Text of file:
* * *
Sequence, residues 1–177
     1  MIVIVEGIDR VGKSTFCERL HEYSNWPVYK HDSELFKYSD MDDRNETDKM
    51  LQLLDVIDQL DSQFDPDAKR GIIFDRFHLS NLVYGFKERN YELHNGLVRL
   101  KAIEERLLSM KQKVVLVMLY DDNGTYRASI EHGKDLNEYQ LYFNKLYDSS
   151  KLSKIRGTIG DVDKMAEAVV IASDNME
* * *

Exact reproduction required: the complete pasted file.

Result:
Sequence, residues 1–177
     1  MIVIVEGIDR VGKSTFCERL HEYSNWPVYK HDSELFKYSD MDDRNETDKM
    51  LQLLDVIDQL DSQFDPDAKR GIIFDRFHLS NLVYGFKERN YELHNGLVRL
   101  KAIEERLLSM KQKVVLVMLY DDNGTYRASI EHGKDLNEYQ LYFNKLYDSS
   151  KLSKIRGTIG DVDKMAEAVV IASDNME